It is important to know, given these times, that there are a few states in our country that celebrate Confederate Memorial Day.  Some citizens in Florida, Alabama, Georgia, Mississippi, and South Carolina have selected a spring day to honor the Confederacy.  Of course there are Americans in all states who may still hold to the ideas that were held by leaders in the Confederacy all those years ago.  None of us can afford to rest easy about the impact of racial attitudes still present across our country.  

Every Memorial Day, at 3:00 in the afternoon, where ever you are at 3:00, there is a national moment of remembrance.  I wish we were all at camp where a bell could be rung, gathering us all together to think about this annual day of remembrance, about war, and about how to secure peace for all.  May you take time for just that in your Memorial Day rituals.

Sing: “Ain’t a Gonna Study War No More. ” Traditional black spiritual

Gonna lay down my sword and shield

Down by the riverside, down by the riverside, down by the riverside.

Gonna lay down my sword and shield, down by the riverside.


Chorus: I ain’t a gonna study war no more, ain’t a gonna study war no more,

Study war no more.  I ain’t a gonna study war no more, ain’t a gonna study war no more. 

Study war. No more.


Gonna put on that long white robe, down by the riverside.

Down by the riverside, down by the riverside.

Gonna put on that long white robe, down by the riverside.


Chorus


Gonna walk with the Prince of Peace, down by the riverside.

Down by the riverside, down by the riverside.

Gonna walk with the Prince of Peace, down by the riverside.

Down by the riverside.


Chorus.

Story: A good camp friend left us a book called THE HUMAN SPIRIT, by Kobi Yamada.  In this book, Kobi Yamada describes characteristics of the human spirit that, should we work on developing them, would bring our world closer to peace.  The book is a collection of quotes he compiled that help us understand each characteristic.  You’ll have fun thinking about your own character and these ideas!  Here’s what Kobi Yamada writes in the preface to his book:

“Here’s to those who press on regardless.  The pioneers.  The leaders. The survivors.  The big-thinkers.  The innovators.  The action-takers.  The peacemakers.  The adventurers.  The movers.  The shakers.  They’re the embodiment of the human spirit….Every day the human spirit influences and reshapes our world.  It makes new discoveries, gives hope and redefines what’s possible.  It inspires us to do and be more.  Look around and celebrate it. “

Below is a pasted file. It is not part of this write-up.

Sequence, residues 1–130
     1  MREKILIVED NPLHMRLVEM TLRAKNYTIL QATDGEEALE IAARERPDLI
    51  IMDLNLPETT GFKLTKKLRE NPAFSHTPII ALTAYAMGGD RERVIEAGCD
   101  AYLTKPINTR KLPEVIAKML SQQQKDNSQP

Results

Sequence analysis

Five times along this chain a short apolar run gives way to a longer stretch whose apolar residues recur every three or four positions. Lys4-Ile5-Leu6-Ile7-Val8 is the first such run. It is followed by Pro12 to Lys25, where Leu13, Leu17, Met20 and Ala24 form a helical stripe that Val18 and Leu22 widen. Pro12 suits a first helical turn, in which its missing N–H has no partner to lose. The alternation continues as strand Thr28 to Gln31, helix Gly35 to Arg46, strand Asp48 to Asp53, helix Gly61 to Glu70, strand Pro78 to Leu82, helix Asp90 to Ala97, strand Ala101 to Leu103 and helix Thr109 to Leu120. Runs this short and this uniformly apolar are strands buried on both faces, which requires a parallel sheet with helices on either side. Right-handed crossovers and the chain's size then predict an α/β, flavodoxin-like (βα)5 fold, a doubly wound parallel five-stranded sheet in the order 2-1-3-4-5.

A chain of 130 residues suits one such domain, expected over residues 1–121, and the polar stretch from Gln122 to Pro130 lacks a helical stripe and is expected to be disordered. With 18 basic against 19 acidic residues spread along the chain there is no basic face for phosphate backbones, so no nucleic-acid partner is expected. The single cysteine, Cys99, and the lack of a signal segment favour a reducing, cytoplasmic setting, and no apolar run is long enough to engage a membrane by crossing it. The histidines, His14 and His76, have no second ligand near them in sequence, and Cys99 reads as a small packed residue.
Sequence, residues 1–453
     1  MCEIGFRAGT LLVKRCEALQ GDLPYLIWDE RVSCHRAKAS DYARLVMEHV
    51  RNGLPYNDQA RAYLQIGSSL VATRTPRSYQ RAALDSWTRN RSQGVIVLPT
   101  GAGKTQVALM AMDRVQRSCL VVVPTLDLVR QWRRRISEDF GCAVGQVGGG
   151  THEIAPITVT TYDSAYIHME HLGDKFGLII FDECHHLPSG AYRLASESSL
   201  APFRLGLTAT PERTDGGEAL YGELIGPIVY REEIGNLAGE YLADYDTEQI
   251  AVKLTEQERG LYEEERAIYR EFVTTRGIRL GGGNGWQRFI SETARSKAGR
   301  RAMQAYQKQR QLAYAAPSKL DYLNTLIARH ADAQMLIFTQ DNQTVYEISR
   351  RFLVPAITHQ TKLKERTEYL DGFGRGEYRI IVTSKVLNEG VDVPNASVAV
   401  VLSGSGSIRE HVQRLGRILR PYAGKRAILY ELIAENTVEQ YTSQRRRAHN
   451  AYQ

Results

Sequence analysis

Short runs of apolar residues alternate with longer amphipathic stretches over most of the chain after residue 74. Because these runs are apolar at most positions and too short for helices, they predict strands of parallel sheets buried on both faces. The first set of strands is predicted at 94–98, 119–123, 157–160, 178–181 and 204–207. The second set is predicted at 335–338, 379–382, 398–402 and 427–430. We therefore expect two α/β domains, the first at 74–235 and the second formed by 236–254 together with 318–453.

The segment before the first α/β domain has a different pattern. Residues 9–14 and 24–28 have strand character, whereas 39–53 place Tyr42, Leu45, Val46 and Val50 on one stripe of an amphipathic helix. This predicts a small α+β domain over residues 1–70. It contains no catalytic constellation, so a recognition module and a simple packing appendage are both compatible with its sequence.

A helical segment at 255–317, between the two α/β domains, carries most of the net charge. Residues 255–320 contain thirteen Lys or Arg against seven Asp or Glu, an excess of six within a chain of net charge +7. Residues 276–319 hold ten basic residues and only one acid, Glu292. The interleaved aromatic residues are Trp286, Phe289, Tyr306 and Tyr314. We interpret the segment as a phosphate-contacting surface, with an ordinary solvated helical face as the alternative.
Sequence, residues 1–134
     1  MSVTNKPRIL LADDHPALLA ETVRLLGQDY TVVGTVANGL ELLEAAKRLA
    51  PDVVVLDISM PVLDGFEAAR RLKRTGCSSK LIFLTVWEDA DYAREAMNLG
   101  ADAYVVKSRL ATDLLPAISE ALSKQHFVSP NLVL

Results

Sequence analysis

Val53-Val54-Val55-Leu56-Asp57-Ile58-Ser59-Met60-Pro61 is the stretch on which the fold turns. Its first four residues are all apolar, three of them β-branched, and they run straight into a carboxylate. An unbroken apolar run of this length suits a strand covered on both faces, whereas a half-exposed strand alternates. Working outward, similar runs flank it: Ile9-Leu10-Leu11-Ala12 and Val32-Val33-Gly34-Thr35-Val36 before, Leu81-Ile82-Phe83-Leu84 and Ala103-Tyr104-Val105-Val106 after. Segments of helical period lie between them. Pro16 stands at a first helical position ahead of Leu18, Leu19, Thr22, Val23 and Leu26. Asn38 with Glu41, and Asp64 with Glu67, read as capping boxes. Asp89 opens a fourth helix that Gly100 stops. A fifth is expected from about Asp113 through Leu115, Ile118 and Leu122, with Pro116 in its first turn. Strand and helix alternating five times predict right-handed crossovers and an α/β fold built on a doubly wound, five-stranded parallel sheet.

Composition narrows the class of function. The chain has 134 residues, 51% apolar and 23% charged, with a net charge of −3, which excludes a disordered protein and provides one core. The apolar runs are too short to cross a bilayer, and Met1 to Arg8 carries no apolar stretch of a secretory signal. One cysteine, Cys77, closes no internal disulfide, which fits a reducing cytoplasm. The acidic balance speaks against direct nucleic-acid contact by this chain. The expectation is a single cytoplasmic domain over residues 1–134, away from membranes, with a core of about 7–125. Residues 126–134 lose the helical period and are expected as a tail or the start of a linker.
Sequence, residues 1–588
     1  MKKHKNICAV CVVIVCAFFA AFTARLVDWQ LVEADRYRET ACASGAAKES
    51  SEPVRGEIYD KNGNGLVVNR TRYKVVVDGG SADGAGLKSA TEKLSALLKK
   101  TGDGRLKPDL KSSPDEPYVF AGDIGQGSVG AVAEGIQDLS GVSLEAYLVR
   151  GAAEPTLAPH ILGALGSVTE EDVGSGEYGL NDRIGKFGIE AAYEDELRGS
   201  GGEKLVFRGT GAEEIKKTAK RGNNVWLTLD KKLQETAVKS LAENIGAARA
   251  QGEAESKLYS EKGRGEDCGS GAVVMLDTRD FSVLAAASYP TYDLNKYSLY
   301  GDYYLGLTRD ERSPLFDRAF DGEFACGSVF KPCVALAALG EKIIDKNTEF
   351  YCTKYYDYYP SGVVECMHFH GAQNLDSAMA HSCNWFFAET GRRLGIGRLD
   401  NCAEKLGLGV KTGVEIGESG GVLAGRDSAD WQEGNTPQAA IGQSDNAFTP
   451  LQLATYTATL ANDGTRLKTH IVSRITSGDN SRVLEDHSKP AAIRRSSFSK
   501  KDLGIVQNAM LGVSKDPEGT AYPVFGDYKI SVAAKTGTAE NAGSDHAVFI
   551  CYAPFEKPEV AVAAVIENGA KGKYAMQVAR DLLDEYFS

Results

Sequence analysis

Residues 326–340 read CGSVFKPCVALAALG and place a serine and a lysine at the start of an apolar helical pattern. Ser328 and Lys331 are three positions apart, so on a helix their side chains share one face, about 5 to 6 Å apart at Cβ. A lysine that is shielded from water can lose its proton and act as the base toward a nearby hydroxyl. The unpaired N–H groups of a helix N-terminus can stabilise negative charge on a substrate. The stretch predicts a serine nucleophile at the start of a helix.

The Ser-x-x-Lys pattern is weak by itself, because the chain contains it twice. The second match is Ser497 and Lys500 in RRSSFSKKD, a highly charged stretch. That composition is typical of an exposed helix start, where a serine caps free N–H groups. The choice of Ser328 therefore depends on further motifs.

Here are a few of the quotes he gathered for this inspiring book.  For each quote, he chooses a characteristic that the quote clarifies:

FLY…..”When a great adventure is offered, you don’t refuse it.”     -Amelia Earhart

VISION…If you want to build a ship, don’t drum up the men to gather wood, divide the work, and give orders.  Instead, teach them to yearn for the vast and endless sea.  -Antoine De Saint Exupery

DREAM….”Things are only impossible until they’re not.”    -Jen-Luc Picard

PURPOSE…”The happiest excitement in life is to be convinced that one is fighting for all one is worth on behalf of some clearly seen and deeply felt good.”    -Ruth Benedict

PIONEER…”Orville Wright didn’t have a pilot’s license.”   -unknown

PERSEVERANCE…”Every strike brings me closer to the next home run.”   -Babe Ruth

FLOW…”Like water, be gentle and strong.  Be gentle enough to follow the natural paths of the earth, and strong enough to rise up and reshape the world.”  -Brenda Paterson

 

BACKBONE…”Our lives begin to end the day we become silent about things that matter.”-Martin Luther King

HEART….”Ask yourself ‘how long am I going to work to make my dreams come true?’  I suggest you answer,

‘As long as it takes’.”    -Jim Rohn

JOY…”Let us go singing as far as we go.”    -Virgil

Perhaps you will find or borrow this book to see the rest of the characteristics Kobi Yamada highlights!  They are worth pondering!

Sing: Finlandia” a hymn about peace in the world.

This is my song, oh God of all the nations.

A song of peace, for lands afar and mine..

This is my home, the country where my heart is.

Here are my hopes, my dreams, my holy shrine.

But other hearts in other lands are beating.

With hopes and dreams as true and high as mine.


My country’s skies are bluer than the ocean.

And sunlight beams on clover leaf and pine.

But other lands have sunlight too and clover.

And skies are everywhere as blue as mine.

Oh, hear my song, thou God of all the nations.

A song of peace, for their land and for mine.

Last Words:On this Memorial Day, we honor those who served and suffered in conflicts around the world.  They fought for values that they believed in and were willing to die for.  As this Memorial Day becomes history, may there be many days ahead where we all struggle for the value of peace while acknowledging the challenges that will certainly  lie ahead.

If Peace is by Stephanie Carter

If peace is a candle, I’ll light one each night.

If peace is a hand, I’ll hold on so tight.

If peace is a bell, I’ll make it ring.

If peace is a song, I’ll want to sing.

If peace is a gift, I’ll open it with care.

If peace is a treasure, I’ll search every where.

If peace is a garden, I’ll tend every seed.

If peace is a book, I’ll have to read.

But peace is more than all of these things, more than a book or a bell that rings.

It’s more than the work of just one or two.

Peace is the work that we all must do.

Peace is a promise we make one another….

To love and protect, and to care for each other….

A kind word and deed, any time, any place.

Peace is a promise—it’s something we do.

For peace is a promise, kept always by you!


Silence

Jubilate, Jubilate, jubilate, Amen. Jubilate, Jubilate, Jubilate, Amen.